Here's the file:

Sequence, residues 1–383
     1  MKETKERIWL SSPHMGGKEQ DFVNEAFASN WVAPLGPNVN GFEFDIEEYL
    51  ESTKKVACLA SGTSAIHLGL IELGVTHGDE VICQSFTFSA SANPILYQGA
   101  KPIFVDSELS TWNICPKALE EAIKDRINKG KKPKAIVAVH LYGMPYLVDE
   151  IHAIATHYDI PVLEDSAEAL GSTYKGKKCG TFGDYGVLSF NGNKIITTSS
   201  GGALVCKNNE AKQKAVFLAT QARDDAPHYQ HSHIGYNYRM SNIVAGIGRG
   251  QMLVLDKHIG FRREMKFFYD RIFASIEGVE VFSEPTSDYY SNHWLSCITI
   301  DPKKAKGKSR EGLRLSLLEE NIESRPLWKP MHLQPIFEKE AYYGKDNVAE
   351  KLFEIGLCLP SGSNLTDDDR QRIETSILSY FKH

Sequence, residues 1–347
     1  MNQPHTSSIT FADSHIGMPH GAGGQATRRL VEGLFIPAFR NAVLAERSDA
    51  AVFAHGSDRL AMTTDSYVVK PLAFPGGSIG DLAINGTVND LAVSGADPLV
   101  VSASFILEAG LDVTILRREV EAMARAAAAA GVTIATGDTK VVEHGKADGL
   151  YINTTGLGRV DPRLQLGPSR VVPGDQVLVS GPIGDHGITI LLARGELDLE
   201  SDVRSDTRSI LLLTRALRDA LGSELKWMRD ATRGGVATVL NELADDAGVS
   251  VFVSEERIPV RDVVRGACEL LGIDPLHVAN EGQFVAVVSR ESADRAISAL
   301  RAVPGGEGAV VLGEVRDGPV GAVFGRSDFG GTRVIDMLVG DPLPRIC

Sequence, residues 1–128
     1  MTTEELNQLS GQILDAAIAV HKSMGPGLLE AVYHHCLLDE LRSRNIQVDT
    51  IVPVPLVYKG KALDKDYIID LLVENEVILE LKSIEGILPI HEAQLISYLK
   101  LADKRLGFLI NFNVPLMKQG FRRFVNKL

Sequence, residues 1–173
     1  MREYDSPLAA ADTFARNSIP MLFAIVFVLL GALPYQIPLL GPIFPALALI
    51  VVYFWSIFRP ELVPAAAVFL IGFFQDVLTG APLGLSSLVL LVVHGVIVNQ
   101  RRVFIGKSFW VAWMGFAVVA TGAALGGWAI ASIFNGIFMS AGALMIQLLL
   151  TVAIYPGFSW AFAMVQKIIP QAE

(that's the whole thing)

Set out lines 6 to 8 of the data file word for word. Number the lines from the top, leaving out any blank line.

   201  GGALVCKNNE AKQKAVFLAT QARDDAPHYQ HSHIGYNYRM SNIVAGIGRG
   251  QMLVLDKHIG FRREMKFFYD RIFASIEGVE VFSEPTSDYY SNHWLSCITI
   301  DPKKAKGKSR EGLRLSLLEE NIESRPLWKP MHLQPIFEKE AYYGKDNVAE